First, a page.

(Washburn University) Burton, Laura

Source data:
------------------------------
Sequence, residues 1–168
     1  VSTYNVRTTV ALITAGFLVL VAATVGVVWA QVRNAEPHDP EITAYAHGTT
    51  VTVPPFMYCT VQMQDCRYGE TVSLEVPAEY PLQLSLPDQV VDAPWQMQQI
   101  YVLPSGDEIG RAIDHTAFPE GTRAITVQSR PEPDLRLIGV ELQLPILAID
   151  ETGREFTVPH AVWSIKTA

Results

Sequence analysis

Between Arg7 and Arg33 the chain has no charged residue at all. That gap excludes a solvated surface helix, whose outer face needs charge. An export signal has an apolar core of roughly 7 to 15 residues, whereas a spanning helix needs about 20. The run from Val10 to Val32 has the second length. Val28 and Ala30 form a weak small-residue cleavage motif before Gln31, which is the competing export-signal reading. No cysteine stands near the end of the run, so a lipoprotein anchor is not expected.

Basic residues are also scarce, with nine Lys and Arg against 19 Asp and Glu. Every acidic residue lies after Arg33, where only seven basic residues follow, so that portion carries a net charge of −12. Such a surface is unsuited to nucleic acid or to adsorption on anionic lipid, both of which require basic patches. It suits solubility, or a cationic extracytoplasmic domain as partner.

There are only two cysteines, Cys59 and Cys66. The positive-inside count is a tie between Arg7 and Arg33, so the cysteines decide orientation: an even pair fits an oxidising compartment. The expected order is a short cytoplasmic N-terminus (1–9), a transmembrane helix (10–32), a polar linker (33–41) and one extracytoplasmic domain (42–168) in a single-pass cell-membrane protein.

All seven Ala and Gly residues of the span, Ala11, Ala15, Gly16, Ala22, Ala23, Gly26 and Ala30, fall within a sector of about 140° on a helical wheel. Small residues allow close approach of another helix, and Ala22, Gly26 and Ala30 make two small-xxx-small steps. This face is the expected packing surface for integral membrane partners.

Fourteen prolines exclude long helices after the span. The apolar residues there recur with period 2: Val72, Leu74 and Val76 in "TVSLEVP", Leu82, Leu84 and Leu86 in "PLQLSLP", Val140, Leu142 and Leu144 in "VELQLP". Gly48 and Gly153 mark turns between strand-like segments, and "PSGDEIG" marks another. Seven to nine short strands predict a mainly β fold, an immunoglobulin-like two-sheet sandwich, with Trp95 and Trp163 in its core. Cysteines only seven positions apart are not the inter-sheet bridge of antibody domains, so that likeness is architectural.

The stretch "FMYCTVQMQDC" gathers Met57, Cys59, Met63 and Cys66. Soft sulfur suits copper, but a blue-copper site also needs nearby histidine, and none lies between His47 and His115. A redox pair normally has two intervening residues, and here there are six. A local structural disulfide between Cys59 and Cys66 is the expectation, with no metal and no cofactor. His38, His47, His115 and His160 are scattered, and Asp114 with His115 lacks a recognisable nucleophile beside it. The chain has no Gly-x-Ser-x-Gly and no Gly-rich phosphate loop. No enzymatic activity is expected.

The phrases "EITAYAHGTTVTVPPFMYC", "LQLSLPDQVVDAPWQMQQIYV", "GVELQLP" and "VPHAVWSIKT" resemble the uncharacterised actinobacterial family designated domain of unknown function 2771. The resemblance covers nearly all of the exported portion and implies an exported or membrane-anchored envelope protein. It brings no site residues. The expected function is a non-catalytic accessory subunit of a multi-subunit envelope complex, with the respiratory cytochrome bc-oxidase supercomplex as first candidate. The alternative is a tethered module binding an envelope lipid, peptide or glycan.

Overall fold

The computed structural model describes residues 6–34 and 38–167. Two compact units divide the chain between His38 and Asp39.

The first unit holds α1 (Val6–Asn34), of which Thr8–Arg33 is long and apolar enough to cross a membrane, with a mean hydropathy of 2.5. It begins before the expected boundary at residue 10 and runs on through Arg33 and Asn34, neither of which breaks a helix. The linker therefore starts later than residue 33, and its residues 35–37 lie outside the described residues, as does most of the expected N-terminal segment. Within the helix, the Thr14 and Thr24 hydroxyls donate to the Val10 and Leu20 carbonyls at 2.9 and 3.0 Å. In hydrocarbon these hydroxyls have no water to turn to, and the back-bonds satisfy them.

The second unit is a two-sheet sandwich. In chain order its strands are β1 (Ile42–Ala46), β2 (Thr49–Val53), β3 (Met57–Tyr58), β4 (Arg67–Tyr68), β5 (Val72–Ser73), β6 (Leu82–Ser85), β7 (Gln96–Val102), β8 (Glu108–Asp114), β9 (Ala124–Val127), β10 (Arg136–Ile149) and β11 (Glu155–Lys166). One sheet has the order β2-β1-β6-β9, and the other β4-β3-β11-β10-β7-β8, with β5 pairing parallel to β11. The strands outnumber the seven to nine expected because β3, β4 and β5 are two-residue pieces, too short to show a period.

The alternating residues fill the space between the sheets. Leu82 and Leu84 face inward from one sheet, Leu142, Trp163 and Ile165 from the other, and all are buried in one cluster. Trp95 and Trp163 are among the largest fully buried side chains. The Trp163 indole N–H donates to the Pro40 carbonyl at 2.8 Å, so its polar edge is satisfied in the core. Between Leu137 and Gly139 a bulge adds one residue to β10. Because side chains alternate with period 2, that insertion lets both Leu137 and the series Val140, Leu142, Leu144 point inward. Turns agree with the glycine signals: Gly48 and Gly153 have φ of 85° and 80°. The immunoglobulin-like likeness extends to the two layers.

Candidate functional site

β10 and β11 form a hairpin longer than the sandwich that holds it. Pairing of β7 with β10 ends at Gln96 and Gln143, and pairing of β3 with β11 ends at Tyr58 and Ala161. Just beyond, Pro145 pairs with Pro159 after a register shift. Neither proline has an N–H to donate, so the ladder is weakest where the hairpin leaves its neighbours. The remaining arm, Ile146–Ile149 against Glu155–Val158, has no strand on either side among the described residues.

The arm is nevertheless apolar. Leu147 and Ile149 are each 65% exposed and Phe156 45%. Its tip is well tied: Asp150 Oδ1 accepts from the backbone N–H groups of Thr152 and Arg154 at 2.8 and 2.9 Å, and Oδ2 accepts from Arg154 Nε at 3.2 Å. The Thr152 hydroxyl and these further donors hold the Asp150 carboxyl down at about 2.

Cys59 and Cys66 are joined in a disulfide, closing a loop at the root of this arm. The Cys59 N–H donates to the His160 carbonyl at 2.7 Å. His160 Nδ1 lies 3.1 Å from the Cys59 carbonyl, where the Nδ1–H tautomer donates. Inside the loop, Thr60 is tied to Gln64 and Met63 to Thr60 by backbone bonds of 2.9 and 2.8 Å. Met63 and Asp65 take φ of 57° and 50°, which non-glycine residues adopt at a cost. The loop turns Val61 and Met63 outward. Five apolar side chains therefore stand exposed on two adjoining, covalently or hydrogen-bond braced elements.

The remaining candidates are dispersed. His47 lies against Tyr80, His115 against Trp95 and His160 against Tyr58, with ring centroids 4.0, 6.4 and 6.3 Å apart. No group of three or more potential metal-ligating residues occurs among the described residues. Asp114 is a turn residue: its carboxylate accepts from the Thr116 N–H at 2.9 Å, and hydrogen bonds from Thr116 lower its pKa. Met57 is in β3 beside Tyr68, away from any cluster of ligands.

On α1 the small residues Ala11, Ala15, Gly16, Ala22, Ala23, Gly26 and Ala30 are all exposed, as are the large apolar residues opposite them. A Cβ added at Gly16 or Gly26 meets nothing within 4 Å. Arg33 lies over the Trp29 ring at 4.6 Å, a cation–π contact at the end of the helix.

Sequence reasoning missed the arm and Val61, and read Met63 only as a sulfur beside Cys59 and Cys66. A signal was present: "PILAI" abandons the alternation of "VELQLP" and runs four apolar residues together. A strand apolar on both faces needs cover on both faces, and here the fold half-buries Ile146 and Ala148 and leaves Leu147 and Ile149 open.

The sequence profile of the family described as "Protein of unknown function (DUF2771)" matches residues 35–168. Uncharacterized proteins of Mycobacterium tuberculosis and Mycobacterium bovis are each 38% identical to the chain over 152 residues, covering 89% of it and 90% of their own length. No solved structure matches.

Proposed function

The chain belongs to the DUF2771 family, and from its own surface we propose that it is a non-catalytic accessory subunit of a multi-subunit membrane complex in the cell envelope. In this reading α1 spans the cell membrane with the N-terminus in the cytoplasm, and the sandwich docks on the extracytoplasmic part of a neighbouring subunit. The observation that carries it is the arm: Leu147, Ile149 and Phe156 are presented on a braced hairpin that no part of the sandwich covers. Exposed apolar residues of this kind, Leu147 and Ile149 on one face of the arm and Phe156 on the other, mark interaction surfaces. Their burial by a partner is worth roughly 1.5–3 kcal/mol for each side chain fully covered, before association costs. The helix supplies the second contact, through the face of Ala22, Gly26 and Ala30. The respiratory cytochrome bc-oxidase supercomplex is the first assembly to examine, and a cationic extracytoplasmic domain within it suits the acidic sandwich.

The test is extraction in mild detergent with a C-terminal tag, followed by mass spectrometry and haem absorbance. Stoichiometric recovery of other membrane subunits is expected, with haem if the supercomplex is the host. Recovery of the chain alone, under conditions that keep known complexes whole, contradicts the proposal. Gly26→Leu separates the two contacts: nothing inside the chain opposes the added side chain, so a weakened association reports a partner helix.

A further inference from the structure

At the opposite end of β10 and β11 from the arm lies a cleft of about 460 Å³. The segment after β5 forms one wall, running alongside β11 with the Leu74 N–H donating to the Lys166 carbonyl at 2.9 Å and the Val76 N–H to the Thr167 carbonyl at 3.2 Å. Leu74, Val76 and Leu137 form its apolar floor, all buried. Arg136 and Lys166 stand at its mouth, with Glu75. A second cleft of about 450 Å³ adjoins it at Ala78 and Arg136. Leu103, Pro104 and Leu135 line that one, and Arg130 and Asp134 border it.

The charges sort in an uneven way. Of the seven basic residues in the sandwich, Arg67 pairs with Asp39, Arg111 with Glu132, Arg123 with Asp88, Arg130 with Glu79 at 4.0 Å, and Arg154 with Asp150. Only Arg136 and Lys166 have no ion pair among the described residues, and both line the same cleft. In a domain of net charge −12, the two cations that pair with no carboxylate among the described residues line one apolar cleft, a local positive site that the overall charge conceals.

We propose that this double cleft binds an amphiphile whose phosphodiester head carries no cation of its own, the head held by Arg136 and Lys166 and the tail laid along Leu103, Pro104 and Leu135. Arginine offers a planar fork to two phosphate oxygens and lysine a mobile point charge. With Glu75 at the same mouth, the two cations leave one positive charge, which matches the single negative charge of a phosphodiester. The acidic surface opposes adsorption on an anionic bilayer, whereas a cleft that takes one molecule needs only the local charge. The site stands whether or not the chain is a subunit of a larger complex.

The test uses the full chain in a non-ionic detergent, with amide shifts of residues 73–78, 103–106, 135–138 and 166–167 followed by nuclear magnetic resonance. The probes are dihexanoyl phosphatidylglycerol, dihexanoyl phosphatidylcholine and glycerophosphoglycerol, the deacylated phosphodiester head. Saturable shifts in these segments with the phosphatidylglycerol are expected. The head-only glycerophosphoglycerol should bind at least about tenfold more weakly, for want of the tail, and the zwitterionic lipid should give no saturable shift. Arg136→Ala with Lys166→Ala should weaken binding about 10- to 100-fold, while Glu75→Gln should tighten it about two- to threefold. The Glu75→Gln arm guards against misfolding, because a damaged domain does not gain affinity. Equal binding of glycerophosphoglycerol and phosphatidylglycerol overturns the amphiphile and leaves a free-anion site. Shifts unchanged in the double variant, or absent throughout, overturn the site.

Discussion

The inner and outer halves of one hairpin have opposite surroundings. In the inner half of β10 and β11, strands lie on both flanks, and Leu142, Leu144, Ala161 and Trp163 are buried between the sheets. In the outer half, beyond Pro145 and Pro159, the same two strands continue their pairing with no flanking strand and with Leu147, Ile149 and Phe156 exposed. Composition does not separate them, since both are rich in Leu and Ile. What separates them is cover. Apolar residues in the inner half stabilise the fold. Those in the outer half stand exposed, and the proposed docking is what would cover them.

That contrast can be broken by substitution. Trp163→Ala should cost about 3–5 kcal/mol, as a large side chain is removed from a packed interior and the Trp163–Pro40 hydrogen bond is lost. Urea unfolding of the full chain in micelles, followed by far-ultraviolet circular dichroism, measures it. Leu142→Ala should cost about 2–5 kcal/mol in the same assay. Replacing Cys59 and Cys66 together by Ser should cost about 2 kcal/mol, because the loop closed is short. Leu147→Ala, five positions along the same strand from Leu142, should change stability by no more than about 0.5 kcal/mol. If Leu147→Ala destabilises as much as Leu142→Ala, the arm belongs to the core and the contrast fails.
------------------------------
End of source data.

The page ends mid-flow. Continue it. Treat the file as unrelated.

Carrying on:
Legends holds that in the early eleventh century Lady Godiva was unhappy with her husband's treatment of peasants. The Lady wanted her husband to lower taxes and increase appreciation of the arts and music, actions that were not common in the time period, and her tendency to demand political change was considered highly unorthodox. Nevertheless, she was determined, and told him that she would ride naked through the streets of the city if he complied with her requests. Her husband agreed, and Lady Godiva became the first known individual to use public nudity for political gain. Today, women removing their clothes in order to improve their conditions are a clear and present force. The use of nudity as a form of protest is an ancient method of obtaining political power that has gained significant popularity in recent years. Although the method is used more frequently in industrialized nations,its ancient roots and true power is typically in underdeveloped nations, where traditional ideas about women still abound. In a world where the "haves" and the "have-nots" are becoming increasingly distant from each other, a study of nude protests provides an interesting lens through which to view different cultures and economic systems. In order to best analyze the different uses of nude protesting we will look at two case studies. The first study will look at the use of nudity to bring about social change in the impoverished nation of Nigeria. The second will analyze the "Baring Witness" project intended to protest the United States led war in Iraq.